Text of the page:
The Department of Homeland Security (DHS) on Thursday submitted a proposal to overhaul the H-1B visa program to the White House for final review.
DHS has sent a new regulation that would amend eligibility requirements for the H-1B visa to the Office of Management and Budget (OMB) for final review. This is typically the last step before publication of a final rule. The proposal has been on President Trump’s regulatory agenda since 2017.
What does the new regulation change?
The new H-1B visa regulation proposes to revise the definition of a specialty occupation within the program, as well as the definition of employment and employer-employee relationship in an effort to protect U.S. workers and wages.
In addition, the regulation proposes to provide additional requirements for employers of H-1B nonimmigrants to ensure these employees are being paid appropriately.
What happens next?
Following OMB review, the new regulation is expected to be published as an “interim final rule,” which will put it into effect immediately without a public comment period or a 30-day delayed effective date.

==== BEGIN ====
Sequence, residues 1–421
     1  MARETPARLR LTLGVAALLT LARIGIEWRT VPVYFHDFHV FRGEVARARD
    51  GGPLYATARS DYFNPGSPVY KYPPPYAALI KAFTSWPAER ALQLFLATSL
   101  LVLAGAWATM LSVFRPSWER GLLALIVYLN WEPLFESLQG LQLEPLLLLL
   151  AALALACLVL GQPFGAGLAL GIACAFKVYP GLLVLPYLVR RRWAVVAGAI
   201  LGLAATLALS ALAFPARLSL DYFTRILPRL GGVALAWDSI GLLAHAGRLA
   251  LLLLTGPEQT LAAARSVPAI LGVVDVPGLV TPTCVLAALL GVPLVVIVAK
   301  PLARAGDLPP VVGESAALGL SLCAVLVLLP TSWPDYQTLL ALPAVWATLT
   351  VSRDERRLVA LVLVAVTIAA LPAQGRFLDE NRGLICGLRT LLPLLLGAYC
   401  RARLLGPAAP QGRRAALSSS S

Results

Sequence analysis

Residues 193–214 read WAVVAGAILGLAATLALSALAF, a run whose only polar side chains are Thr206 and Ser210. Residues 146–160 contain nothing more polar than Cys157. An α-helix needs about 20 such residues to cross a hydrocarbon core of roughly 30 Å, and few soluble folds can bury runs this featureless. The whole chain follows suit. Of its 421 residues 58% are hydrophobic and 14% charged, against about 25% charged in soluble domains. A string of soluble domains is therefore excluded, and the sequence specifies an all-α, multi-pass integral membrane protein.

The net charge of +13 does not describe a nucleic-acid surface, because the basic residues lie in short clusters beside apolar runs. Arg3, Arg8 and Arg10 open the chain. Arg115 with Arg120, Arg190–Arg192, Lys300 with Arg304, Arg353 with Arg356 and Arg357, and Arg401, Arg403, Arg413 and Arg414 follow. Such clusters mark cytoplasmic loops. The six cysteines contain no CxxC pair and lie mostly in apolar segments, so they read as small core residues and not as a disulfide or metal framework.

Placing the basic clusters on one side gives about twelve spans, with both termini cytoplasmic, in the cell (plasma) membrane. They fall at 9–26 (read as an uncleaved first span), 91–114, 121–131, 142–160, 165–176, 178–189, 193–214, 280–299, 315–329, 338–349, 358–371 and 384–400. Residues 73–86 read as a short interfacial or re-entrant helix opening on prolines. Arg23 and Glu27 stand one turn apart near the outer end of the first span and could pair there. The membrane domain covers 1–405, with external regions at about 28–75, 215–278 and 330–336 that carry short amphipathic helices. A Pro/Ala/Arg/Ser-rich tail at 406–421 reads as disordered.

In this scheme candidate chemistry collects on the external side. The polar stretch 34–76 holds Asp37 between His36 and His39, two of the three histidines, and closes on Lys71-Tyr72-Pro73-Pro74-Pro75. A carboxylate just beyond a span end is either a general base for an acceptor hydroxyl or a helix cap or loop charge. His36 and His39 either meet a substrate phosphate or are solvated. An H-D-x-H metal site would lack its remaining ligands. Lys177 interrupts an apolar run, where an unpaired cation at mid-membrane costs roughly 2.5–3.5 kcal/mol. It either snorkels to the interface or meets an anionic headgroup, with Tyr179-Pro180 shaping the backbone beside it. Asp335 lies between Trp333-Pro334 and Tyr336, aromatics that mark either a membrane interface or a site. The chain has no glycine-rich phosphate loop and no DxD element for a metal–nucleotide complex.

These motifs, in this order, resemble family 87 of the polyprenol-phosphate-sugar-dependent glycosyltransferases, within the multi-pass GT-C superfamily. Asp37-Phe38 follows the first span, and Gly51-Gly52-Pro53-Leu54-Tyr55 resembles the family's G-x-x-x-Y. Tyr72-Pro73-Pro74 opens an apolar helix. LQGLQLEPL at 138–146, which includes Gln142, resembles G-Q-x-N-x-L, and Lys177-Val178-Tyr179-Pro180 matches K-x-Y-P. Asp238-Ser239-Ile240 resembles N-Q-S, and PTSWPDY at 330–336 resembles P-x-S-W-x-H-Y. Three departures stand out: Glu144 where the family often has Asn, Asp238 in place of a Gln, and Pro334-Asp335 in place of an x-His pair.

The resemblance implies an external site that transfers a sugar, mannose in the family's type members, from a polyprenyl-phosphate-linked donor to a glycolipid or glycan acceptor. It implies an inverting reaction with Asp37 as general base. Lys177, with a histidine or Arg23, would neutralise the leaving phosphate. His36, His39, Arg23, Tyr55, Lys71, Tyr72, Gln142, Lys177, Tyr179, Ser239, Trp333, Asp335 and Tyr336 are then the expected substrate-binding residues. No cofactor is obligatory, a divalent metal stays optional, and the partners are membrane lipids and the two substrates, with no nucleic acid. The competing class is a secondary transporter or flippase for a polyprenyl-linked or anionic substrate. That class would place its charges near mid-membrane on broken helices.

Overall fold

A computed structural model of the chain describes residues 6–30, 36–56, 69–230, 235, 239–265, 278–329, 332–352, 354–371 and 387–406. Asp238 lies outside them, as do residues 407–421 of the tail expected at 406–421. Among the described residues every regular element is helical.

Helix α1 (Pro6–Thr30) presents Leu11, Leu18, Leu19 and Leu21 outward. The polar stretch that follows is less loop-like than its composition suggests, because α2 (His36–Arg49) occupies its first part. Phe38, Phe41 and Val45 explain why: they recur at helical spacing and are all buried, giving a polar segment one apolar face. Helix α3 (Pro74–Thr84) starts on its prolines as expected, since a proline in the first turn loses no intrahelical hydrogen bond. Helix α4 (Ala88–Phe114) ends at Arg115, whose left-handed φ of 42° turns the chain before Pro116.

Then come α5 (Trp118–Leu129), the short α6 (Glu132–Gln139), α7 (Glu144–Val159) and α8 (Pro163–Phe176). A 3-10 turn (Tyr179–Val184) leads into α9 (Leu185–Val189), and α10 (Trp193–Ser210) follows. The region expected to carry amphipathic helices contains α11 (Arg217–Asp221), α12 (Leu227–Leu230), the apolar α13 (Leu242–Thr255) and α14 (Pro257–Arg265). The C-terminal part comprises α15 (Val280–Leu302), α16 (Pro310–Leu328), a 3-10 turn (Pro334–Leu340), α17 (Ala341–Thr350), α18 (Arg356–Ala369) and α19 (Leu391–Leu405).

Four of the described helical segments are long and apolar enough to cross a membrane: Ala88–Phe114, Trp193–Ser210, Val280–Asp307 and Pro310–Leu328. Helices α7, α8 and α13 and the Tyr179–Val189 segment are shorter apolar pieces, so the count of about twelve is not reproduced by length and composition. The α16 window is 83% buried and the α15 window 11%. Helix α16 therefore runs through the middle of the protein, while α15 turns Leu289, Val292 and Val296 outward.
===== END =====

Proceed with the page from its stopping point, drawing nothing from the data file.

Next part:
The new rule is likely to be challenged in the court system.
Earlier this year, U.S. Citizenship and Immigration Services (USCIS) settled a lawsuit after a district court ruled that its policies scrutinizing employer-employee relationships were unlawful. Another attempt by the agency to impose new degree requirements for specialty occupations was also struck down in court this year.
How are Envoy Global and Global Immigration Associates (GIA) responding?
Envoy and Global Immigration Associates are monitoring the situation closely and will continue to provide updates as they become available.
Envoy is pleased to provide you this information, which was prepared in collaboration with Sara Herbek, who is Managing Partner at Global Immigration Associates, P.C. (www.giafirm.com), Envoy’s affiliated law firm.
Content in this publication is not intended as legal advice, nor should it be relied on as such. For additional information on the issues discussed, consult an Envoy-affiliated attorney or another qualified professional.